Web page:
Interest expense relates to the cost of borrowing money. It is the price that a lender charges a borrower for the use of the lender’s money. On the income statement, interest expense can represent the cost of borrowing money from banks, bond investors, and other sources. Interest expense is different from operating expense and CAPEX, for it relates to the capital structure of a company, and it is usually tax-deductible.
On the income statement, interest income and interest expense are reported separately, or sometimes together under either “interest income – net” (if there is a surplus in interest income) or “interest expense – net” (if there is a surplus in interest expense). 
The following shows the calculation of interest rate.
- Take the principal outstanding amount on loan during the period.
- Identify the annualized interest rate.
- Identify the time period, which the interest expense would be calculated.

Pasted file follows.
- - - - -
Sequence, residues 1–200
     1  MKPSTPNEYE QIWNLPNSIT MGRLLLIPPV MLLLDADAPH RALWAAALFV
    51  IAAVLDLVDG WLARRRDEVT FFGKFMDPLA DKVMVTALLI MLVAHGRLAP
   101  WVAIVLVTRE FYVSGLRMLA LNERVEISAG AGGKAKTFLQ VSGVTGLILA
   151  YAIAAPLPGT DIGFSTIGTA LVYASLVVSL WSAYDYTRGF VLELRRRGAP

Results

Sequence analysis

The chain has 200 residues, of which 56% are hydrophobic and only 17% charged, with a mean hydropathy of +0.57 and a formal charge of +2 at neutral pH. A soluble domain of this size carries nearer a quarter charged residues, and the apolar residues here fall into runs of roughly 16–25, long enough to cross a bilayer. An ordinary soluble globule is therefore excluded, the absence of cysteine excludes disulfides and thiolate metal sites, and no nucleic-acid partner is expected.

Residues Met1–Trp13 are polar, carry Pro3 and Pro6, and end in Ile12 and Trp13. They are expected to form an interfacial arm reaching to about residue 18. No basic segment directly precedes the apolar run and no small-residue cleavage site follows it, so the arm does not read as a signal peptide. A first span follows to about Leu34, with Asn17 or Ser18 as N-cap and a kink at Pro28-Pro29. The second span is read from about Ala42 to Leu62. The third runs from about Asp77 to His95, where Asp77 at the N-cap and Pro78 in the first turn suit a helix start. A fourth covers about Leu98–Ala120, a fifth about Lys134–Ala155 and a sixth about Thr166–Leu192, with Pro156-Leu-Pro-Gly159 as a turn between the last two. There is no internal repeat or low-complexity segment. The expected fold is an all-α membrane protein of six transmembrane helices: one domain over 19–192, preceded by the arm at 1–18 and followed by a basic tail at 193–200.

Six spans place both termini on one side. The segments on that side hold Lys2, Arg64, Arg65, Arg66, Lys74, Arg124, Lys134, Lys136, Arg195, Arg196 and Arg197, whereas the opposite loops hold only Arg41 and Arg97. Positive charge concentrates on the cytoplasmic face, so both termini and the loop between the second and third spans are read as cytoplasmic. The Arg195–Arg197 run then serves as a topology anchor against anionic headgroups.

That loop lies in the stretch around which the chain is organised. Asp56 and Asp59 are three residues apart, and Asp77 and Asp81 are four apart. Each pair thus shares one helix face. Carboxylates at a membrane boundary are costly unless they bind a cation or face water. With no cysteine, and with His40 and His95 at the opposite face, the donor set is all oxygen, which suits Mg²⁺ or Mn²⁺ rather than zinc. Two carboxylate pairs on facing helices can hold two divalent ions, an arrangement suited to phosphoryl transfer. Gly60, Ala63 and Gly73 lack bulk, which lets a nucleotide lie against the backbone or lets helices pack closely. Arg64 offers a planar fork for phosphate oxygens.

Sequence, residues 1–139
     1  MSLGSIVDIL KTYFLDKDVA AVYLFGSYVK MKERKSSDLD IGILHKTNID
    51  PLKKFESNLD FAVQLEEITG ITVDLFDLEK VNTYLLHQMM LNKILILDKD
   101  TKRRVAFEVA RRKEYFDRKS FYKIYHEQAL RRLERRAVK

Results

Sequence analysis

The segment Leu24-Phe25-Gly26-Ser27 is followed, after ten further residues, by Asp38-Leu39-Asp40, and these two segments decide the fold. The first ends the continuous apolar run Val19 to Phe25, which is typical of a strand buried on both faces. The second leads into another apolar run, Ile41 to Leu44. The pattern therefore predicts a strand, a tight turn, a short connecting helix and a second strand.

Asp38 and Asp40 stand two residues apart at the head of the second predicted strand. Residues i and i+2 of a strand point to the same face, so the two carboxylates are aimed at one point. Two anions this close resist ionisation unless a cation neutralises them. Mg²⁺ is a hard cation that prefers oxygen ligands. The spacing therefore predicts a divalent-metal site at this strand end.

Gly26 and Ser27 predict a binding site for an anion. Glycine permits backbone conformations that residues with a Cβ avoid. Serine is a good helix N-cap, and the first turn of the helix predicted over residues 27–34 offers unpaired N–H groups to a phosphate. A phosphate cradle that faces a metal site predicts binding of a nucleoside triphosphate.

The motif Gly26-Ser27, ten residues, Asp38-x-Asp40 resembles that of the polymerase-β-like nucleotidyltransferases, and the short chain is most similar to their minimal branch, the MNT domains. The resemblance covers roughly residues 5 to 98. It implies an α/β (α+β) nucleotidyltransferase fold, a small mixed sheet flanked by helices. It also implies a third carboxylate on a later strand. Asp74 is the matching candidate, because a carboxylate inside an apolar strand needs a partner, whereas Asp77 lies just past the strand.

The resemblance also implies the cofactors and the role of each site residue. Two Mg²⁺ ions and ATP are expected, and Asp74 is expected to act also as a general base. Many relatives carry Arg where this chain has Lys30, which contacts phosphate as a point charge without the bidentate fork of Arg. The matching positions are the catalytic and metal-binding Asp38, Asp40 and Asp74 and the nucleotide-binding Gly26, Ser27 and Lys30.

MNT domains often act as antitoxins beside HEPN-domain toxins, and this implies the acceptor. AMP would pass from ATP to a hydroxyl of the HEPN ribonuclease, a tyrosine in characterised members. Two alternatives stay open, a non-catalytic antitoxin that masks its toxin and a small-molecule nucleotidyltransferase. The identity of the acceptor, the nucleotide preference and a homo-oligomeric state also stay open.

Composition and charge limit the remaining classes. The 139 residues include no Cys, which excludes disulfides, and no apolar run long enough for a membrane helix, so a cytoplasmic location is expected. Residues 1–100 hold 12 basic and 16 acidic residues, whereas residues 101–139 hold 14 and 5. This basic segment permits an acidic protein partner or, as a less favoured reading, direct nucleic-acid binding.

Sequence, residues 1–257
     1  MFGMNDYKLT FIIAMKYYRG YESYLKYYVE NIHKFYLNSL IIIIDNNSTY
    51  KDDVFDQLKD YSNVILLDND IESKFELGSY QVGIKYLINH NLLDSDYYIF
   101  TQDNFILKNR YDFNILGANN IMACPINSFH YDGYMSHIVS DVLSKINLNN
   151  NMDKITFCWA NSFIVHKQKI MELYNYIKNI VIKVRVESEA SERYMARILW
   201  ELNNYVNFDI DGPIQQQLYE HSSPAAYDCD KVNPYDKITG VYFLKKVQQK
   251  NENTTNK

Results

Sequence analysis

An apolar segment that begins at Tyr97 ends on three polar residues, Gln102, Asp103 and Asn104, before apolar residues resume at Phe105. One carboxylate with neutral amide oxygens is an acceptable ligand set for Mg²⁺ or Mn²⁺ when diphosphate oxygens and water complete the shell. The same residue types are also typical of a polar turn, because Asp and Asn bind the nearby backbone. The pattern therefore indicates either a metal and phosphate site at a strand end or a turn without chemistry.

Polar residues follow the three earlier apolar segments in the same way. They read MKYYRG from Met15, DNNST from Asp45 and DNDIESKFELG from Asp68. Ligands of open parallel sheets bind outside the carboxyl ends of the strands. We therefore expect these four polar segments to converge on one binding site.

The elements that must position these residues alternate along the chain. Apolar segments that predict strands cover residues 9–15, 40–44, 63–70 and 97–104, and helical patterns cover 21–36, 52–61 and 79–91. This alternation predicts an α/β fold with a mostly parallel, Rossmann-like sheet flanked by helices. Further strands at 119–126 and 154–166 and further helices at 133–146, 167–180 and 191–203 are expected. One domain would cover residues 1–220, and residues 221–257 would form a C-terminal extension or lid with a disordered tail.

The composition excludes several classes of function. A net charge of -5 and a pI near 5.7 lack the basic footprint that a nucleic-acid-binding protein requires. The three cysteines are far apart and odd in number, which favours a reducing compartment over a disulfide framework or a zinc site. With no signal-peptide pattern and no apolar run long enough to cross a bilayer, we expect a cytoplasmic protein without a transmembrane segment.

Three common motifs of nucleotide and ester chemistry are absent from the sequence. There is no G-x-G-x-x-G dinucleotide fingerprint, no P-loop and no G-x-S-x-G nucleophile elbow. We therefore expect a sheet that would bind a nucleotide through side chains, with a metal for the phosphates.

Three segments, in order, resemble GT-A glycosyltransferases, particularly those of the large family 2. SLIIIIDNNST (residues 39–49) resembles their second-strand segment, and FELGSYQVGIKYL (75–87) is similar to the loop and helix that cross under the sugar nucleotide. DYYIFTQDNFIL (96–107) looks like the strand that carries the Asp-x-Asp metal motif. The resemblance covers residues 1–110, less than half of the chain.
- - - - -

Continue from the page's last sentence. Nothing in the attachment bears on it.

- Use the following formula to calculate the interest expense.
Principal x Interest Rate x Time period = Interest expense
Once interest expense is calculated, it is usually recorded as accrued liabilities by the borrower. The entry would be debit to interest expense and credit to accrued liability. The credit shifts to the accounts payable account when the lender sends an invoice for the expense. Finally, you debit to accounts payable and credit to cash when the interest expense is paid.
- ^“How to calculate interest expense”. AccountingTools. Retrieved 2017-10-24.
- ^“Interest and Expense on the Income Statement”. The Balance. Retrieved 2017-10-24.
Ofer Abarbanel is a 25 year securities lending broker and expert who has advised many Israeli regulators, among them the Israel Tax Authority, with respect to stock loans, repurchase agreements and credit derivatives. Founder of TBIL.co STATX Fund.